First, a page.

And, as twitter is a short form media, I find I have to curate the tweets to make a good set of notes. Revisitng my notes, collecting them into a stoorify, and annotating them with my comments, thoughts, with additional ideas, resources and links helps me get more from the lecture than I might otherwise. This critical revisiting, where I have to sift through the tweets (mine, others, my lecturers, complete strangers) and select specific tweets, as well as the ease of addiong comments and links, makes the curating process richer than my own not taking practiuces might otherwise be.
Plus I won;t lose them. They are on mys storify account.
How it’s useful
I find it useful in three main ways.
It forces me to be more attentive and critically engaged in class. Tweeting is a short and summary form, so to livetweet a lecture, you need to summarise, sift and sort as you go.
I benefit from the insights of others. When others livetweet the same class, and we share a hashtag, I get to see their insights, choices, assessments, and the resources they share.
I’m forced to revisit mateial. if I want to save my notes, I need to curate them. Quickly. It can be difficult to find tweets after anything more than a week. Research shows that we are much more likely to remember our ;ectures if we revisit mateiral within 24 hours. Curating my tweets involves active engagement. I sift, select, deselect, and, because of the nature of tweets, from other streams, I think critically about what has been said, and I add value to it with my insigths, ideas, arguemnts, questions and extra resources.
With a pen and an A4 pad, I may not ever open the page after I’ve written it.
Twitter allows your students to take notes, and share them, immediately. It gives you an ijnsoght into who is taking notes, and what they are saying, which, we know is key to their learning. You get to see the note-taking conversation unfold as it happens, and see inside the brains of your students and they share their conceptualisation process.
Who is taking good notes, what questions are people asking, and how good are those questions. Who is retweeting what. And, it being twitter, there is always the real possibilitity that expewrts, authors, or masybe even the person you are studying will get involved in the conversation.
There’s a really great post on sci-ed that documents the process – lots of hands on educators insight, and practi9cal ideas, mas well as inspirational comments on how thw ehole project panned out…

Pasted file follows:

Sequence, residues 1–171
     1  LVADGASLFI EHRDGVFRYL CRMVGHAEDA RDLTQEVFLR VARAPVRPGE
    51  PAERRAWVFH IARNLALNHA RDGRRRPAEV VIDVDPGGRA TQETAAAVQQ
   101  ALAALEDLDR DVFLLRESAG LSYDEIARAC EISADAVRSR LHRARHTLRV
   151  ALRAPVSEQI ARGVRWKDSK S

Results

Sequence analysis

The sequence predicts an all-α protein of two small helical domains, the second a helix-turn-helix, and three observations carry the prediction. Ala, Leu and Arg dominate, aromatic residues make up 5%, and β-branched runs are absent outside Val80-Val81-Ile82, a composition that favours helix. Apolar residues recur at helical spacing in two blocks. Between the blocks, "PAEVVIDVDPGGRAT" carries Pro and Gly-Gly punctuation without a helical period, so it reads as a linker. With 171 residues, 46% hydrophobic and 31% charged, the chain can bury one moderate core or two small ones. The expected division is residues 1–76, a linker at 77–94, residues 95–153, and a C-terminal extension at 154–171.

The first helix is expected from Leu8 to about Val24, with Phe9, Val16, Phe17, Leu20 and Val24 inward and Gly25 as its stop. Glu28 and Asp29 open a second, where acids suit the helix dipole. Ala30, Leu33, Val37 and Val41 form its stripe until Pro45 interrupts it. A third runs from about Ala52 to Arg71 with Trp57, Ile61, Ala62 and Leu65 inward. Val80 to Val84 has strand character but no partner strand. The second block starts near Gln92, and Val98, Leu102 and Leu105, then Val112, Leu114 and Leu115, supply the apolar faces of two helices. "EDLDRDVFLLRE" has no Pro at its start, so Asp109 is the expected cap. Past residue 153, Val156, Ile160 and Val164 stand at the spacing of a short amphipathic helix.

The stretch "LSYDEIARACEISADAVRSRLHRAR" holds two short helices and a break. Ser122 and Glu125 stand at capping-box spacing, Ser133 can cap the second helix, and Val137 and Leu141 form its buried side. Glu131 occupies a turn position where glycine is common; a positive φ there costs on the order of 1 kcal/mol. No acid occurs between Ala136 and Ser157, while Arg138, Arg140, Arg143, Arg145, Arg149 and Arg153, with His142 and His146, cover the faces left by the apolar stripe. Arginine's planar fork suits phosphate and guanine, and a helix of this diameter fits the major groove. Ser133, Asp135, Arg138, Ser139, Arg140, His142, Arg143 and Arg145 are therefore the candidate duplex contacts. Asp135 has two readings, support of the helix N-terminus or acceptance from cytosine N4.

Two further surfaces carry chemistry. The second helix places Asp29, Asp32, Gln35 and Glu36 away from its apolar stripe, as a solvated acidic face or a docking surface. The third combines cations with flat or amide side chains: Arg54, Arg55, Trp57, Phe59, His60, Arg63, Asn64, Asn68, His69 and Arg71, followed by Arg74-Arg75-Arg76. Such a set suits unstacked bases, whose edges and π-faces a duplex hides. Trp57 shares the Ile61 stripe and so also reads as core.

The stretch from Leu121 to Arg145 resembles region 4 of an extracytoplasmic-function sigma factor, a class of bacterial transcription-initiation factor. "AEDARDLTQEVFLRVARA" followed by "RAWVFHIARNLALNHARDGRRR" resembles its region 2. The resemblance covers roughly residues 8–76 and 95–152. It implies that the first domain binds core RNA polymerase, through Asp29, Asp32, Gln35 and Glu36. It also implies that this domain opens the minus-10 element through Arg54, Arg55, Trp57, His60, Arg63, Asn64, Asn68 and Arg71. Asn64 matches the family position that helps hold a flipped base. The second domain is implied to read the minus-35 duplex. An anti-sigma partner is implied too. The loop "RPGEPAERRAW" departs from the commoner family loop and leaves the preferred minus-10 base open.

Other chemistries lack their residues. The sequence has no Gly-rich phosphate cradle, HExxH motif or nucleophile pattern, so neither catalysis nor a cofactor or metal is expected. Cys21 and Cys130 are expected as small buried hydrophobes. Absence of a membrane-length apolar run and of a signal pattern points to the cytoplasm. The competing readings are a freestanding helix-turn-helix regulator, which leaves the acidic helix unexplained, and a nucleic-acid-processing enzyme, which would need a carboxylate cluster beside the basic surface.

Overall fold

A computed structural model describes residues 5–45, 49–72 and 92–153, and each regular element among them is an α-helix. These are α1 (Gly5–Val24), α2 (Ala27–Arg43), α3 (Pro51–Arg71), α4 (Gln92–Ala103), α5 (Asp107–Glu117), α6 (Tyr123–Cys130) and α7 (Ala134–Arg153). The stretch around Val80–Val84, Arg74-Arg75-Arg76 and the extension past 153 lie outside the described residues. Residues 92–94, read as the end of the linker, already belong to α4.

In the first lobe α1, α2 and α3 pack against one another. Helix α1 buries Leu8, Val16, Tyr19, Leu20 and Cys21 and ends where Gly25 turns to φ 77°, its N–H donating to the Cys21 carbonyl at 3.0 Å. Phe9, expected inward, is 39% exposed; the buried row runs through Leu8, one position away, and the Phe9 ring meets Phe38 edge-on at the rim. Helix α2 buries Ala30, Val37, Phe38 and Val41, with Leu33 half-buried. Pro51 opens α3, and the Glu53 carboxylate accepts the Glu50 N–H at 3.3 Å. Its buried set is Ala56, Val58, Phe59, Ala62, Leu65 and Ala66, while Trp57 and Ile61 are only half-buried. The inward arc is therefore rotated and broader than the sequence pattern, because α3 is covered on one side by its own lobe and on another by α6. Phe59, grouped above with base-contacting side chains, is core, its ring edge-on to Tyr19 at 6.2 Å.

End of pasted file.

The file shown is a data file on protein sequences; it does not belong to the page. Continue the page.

“The results were instantaneous — it was like being plugged into every student’s brain at once. You could see who was participating, who was getting the main ideas, who was extrapolating and asking good questions, and more importantly, the students could see what their peers were thinking”
“This was something that really helped, when someone tweeted a fact and half the class also tweeted the same fact it reinforced the students that they were on the right track. I would also tweet along with them to help them see if they were on the right page. The beauty of all this was that it was all uninterrupted documentary watching. No stopping and starting, no asking what was just said, it just flowed.”
How to do it.
Agree on a hashtag. It should probably be different to the class hahstag, which you will want to keep for particular purposes. Livetweeting lectures can generate hundreds of tweets. Check the hashtag is not in use.
Spread the hashtag to the people who will use it.
To encourage livetweeting, monitor the hashtag in class, responding to questions, and monitor it out of class – feedback on tweets after the lecture will help add value and boost stident participation.
Use a good curation service that is designed for twitter. I use storify for this because it can be embedded in blogs, it’s easy to use, it;s desugned with twitter in mind, it allows crossposting from multiple sources (Instagram, Facebook, Youtube…), you can add comments – essential for in depth curation – and people will be informed if you quote them in your storify – a good boost for participation. But mainly I use it because it requires me to sift, sort and select, so my revisiting of notes is active, not passive. I select, I comment and summarise, I add in additional resources, and comment on other peoples links.
Here’s that sci-ed post again - a really worthwhile read if you are womdering what kinds of positive impacts twitter can have on your classroom.
Here’s profhackers advice, again, from a hands on practical perspective, about the do’s and don’ts of livetweeting. This is more a practical run down on pluses, negatoves, and useful tips.
Chris Long has a post, the Art of Livetweeting - that;s talks about the collaborative note-taking aspect of livetweeting in class, and categprises tweets according to type – something I found really usefulm as a way to think about the types of tweeting that might be constructive.
Christopher Wiley has a post on the advantages and disadvantages he found when he rolled out livetweeting in his classroom. More hands on, practical advice about the nitty gtritty.
And here’s Dr Monica Rankin, and her students, giving their perspectove on how using twitter in their classroom worked for them